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April 21, 2014

Andrew Silow-Carroll: Passoverkill? Suggestions to make next year's seders even more culturally sensitive

Sara Israelsen Hartley: Seeking the Divine: An ancient connection in a new context

Christine M. Flowers: Priest's execution in Syria should be call to action

Courtnie Erickson: How to help kids accept the poor decisions of others

Lizette Borreli: A Glass Of Milk A Day Keeps Knee Arthritis At Bay

Lizette Borreli: 5 Health Conditions Your Breath Knows Before You Do

The Kosher Gourmet by Betty Rosbottom Coconut Walnut Bars' golden brown morsels are a beautifully balanced delectable delight

April 18, 2014

Rabbi Yonason Goldson: Clarifying one of the greatest philosophical conundrums in theology

Caroline B. Glick: The disappearance of US will

Megan Wallgren: 10 things I've learned from my teenagers

Lizette Borreli: Green Tea Boosts Brain Power, May Help Treat Dementia

John Ericson: Trying hard to be 'positive' but never succeeding? Blame Your Brain

The Kosher Gourmet by Julie Rothman Almondy, flourless torta del re (Italian king's cake), has royal roots, is simple to make, . . . but devour it because it's simply delicious

April 14, 2014

Rabbi Dr Naftali Brawer: Passover frees us from the tyranny of time

Greg Crosby: Passing Over Religion

Eric Schulzke: First degree: How America really recovered from a murder epidemic

Georgia Lee: When love is not enough: Teaching your kids about the realities of adult relationships

Cameron Huddleston: Freebies for Your Lawn and Garden

Gordon Pape: How you can tell if your financial adviser is setting you up for potential ruin

Dana Dovey: Up to 500,000 people die each year from hepatitis C-related liver disease. New Treatment Has Over 90% Success Rate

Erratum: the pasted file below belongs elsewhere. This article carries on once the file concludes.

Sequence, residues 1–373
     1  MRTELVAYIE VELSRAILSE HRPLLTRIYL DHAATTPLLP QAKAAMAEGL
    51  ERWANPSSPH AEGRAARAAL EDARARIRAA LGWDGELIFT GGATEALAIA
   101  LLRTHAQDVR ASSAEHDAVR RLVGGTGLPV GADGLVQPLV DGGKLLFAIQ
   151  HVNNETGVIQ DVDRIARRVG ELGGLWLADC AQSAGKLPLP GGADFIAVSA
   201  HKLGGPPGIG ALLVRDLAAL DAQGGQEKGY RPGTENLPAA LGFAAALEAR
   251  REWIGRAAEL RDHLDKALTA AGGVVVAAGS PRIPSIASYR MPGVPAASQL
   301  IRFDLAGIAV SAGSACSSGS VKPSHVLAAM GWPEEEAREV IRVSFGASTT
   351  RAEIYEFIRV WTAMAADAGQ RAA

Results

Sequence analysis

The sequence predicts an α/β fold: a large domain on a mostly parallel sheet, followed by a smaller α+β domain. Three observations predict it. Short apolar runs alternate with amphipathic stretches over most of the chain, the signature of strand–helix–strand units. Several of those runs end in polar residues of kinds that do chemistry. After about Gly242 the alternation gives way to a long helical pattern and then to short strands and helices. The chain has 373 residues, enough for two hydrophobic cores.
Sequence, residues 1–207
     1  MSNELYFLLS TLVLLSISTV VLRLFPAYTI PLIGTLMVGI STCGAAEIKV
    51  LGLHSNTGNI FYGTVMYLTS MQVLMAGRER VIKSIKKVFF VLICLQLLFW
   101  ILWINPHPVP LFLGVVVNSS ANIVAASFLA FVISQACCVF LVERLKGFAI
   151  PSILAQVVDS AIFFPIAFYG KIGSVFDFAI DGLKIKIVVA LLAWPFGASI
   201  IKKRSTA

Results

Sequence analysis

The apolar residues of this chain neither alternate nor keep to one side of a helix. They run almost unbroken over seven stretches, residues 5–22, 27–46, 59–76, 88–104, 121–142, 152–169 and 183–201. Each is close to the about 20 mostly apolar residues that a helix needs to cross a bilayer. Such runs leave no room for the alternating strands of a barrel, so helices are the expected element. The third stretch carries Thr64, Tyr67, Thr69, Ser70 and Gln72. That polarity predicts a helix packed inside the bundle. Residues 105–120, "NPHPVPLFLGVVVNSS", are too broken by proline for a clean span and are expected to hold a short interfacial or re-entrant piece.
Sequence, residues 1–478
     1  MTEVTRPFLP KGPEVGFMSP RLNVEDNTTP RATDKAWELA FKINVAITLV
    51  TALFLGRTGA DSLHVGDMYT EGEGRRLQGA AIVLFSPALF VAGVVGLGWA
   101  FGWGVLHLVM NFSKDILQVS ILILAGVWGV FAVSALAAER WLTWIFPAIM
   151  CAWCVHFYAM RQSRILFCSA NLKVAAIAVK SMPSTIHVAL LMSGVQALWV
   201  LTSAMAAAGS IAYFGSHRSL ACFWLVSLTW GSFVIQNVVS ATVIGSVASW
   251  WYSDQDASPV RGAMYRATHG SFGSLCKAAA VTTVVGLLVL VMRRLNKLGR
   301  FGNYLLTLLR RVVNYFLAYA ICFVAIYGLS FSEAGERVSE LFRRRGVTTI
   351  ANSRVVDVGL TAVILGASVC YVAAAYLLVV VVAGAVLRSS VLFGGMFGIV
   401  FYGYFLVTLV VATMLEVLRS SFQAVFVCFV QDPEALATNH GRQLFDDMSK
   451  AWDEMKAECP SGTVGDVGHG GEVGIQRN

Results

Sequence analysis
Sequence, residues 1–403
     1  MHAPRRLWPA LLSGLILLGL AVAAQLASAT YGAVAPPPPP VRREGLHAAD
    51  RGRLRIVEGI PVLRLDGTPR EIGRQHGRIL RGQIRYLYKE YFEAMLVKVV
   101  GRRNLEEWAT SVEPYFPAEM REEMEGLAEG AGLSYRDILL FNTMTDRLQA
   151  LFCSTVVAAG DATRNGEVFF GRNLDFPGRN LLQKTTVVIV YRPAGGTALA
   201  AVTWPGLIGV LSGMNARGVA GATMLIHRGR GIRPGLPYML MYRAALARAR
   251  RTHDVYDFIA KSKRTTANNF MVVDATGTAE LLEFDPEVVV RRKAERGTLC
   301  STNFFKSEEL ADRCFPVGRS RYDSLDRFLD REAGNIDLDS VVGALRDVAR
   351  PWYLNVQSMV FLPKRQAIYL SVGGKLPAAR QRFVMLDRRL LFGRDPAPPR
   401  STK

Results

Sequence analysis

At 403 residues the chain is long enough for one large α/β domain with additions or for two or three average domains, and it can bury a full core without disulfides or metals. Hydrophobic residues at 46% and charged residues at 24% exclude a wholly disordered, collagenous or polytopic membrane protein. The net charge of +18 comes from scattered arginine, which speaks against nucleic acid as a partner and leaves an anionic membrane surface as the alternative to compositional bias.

Justin Caba: Eating Watermelon Can Help Control High Blood Pressure

The Kosher Gourmet by Joshua E. London and Lou Marmon Don't dare pass over these Pesach picks for Manischewitz!

April 11, 2014

Rabbi Hillel Goldberg: Silence is much more than golden

Caroline B. Glick: Forgetting freedom at Passover

Susan Swann: How to value a child for who he is, not just what he does

Cameron Huddleston: 7 Financial Tasks You Should Tackle Right Now

Sandra Block and Lisa Gerstner: How to Profit From Your Passion

Susan Scutti: A Simple Blood Test Might Soon Diagnose Cancer

Chris Weller: Have A Slow Metabolism? Let Science Speed It Up For You

The Kosher Gourmet by Diane Rossen Worthington Whitefish Terrine: A French take on gefilte fish

April 9, 2014

Jonathan Tobin: Why Did Kerry Lie About Israeli Blame?

Samuel G. Freedman: A resolution 70 years later for a father's unsettling legacy of ashes from Dachau

Jessica Ivins: A resolution 70 years later for a father's unsettling legacy of ashes from Dachau

Kim Giles: Asking for help is not weakness

Kathy Kristof and Barbara Hoch Marcus: 7 Great Growth Israeli Stocks

Matthew Mientka: How Beans, Peas, And Chickpeas Cleanse Bad Cholesterol and Lowers Risk of Heart Disease

Sabrina Bachai: 5 At-Home Treatments For Headaches

The Kosher Gourmet by Daniel Neman Have yourself a matzo ball: The secrets bubby never told you and recipes she could have never imagined

April 8, 2014

Lori Nawyn: At Your Wit's End and Back: Finding Peace

Susan B. Garland and Rachel L. Sheedy: Strategies Married Couples Can Use to Boost Benefits

David Muhlbaum: Smart Tax Deductions Non-Itemizers Can Claim

Jill Weisenberger, M.S., R.D.N., C.D.E : Before You Lose Your Mental Edge

Dana Dovey: Coffee Drinkers Rejoice! Your Cup Of Joe Can Prevent Death From Liver Disease

Chris Weller: Electric 'Thinking Cap' Puts Your Brain Power Into High Gear

The Kosher Gourmet by Marlene Parrish A gift of hazelnuts keeps giving --- for a variety of nutty recipes: Entree, side, soup, dessert